Fallout 3 doesn’t hold up well to other Bethesda games, and the Fallout 4 roll out has brought out my shameful distaste in full.
Bethesda, as a developer, isn’t one that I follow with much enthusiasm while moving further into this industry. Even while the company is certainly hailed at the same level as Rockstar Games by many, that comparison goes a different way for me as both companies make quality titles that drift by me with a nod more so than they’re picked up and played. Part of this is on the studio very stubbornly sticking to their large-scale RPG guns that lowers their output, but even as a publisher, I’ve only played about one-tenth of their 80+ game catalogue, and only loved three of them.
Those three loved games from their combined developing/publishing history – Wolfenstein: The New Order, The Evil Within, and Skyrim – all filled their worlds completely with characters, objects, or whatever else that fit that theme. Wolfenstein was packed with the specific concoction of typical Nazy flair and futuristic automatons that sold that world as much as the fairly moving story and appropriately gruff protagonist. It set the tone early and kept it throughout, much the same with Evil Within and Skyrim. The latter of those two was riddled with bugs and had a somewhat lackluster story, but the combined tales of the world created an existential ecosystem of lore, making up for the main story’s falter slightly in that regard. The world felt populated with stories that encouraged you to make your own.
Fallout 3, in that respect and a few others, seems to fail hard. Let it be said that this is the only Fallout title to date that I’ve touched (besides Shelter), and that this is not an outright damnation of this entry of a series a lot of people love dearly. It’s beyond the hatchet of good game/bad game and risen to the razor blades that separate great, all-time or otherwise, titles from just good. And that’s where this opinion will ultimately rest: this was and remains a decently good game. Not game of the year good, but it does well enough to separate itself from other action RPGs of the time. This was also my very first Todd Howard game (Oblivion was played a bit later).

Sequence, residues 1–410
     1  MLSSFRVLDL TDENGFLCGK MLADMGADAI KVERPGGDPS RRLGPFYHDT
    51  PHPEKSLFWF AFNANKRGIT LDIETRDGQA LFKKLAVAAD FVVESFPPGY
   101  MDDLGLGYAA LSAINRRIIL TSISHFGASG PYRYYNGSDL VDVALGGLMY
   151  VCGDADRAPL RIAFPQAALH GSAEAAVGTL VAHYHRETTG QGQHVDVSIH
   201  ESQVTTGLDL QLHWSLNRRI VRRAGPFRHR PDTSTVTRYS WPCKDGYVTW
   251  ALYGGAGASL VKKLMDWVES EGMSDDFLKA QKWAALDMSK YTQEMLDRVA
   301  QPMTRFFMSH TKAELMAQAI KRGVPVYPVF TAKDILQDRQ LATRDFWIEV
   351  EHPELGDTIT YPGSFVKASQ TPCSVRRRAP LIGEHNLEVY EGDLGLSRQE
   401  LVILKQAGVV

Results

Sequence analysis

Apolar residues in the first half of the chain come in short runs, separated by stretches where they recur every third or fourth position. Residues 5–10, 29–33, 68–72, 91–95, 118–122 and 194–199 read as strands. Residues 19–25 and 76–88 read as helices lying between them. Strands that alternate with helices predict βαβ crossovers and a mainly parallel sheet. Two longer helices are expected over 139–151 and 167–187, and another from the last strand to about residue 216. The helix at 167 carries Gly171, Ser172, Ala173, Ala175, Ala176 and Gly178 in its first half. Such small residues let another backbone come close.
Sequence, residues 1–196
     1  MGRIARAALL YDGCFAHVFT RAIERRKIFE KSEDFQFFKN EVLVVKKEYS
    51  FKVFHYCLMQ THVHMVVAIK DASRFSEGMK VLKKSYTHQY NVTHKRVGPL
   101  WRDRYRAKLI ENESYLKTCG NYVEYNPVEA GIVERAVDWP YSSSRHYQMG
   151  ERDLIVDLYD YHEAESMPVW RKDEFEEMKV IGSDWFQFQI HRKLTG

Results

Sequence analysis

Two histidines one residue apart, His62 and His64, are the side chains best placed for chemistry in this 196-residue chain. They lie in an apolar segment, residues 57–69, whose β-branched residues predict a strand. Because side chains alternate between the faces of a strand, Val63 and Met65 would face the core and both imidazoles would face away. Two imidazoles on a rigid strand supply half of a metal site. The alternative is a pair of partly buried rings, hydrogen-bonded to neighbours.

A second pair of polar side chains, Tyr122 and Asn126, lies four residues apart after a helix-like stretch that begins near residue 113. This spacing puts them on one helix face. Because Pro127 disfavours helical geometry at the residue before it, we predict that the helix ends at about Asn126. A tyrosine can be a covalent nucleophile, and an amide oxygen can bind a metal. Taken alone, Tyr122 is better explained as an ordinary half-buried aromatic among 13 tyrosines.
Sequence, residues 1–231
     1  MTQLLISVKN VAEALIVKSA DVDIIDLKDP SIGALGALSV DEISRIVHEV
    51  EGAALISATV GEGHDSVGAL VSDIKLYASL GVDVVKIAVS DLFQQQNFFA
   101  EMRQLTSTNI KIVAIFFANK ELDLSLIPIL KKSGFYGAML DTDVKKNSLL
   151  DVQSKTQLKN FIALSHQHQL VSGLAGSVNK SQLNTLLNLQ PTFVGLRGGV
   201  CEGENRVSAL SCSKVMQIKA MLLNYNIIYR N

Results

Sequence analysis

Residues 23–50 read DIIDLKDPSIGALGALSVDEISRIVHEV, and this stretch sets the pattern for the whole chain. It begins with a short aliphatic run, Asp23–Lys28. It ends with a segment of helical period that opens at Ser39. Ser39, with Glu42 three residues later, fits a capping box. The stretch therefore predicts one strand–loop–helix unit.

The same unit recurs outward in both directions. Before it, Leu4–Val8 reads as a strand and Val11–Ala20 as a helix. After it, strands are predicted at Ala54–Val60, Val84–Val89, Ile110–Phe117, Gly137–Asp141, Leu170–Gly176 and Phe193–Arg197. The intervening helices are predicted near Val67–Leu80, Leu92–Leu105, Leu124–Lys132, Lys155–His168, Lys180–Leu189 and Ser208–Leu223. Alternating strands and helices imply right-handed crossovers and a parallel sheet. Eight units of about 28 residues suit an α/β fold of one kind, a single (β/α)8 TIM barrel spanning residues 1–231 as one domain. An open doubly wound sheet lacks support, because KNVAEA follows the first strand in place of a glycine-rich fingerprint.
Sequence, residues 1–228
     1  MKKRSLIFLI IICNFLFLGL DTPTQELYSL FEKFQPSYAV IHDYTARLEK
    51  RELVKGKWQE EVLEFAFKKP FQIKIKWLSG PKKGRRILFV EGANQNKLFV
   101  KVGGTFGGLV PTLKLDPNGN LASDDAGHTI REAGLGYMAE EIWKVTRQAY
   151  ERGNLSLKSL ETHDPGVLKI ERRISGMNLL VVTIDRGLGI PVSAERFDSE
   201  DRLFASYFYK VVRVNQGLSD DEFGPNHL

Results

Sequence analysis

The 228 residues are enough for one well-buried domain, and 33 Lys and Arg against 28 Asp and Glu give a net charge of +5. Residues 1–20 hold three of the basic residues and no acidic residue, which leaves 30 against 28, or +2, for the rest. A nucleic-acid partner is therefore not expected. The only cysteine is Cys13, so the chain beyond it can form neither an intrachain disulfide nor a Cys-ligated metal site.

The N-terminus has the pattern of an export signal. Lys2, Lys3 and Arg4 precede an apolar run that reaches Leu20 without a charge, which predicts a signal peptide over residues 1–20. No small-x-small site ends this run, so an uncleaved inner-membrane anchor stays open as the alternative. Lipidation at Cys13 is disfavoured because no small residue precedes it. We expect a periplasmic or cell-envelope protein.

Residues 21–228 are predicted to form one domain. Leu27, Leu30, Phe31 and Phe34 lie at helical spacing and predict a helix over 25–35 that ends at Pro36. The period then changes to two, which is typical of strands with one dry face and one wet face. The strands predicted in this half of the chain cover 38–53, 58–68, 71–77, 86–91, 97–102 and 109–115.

And there is some slight shame in missing out on this white-hot love that the third Fallout receives mixed with the tasks left undone within my save file. It’s about the same as standing in the middle of a concert that the crowd is crazy for, but you’re just kind of there appreciating the music. You’re missing out on that energy and passion for something, and starting a conversation about it just feels hollow. So you’re not only shamed but isolated. It’s a given also that, since Fallout 3 is my only experience in the franchise hitherto and it didn’t blow me away, I have next to no love for the franchise as a whole, leading to plenty of conversations where series followers just resort to the worst argument there is: you just don’t get it. Would a revisit change my mind? Was the best content just passed by during my particular vault dweller’s journey? Not that I’ve seen, which just feels like a shame cul-de-sac. I can completely understand the love for this game’s wealth of content and memorable scenes like Tranquility Lane, but some essential missing cogs keep me feeling that slight shame and isolation instead of diving headfirst into the franchise.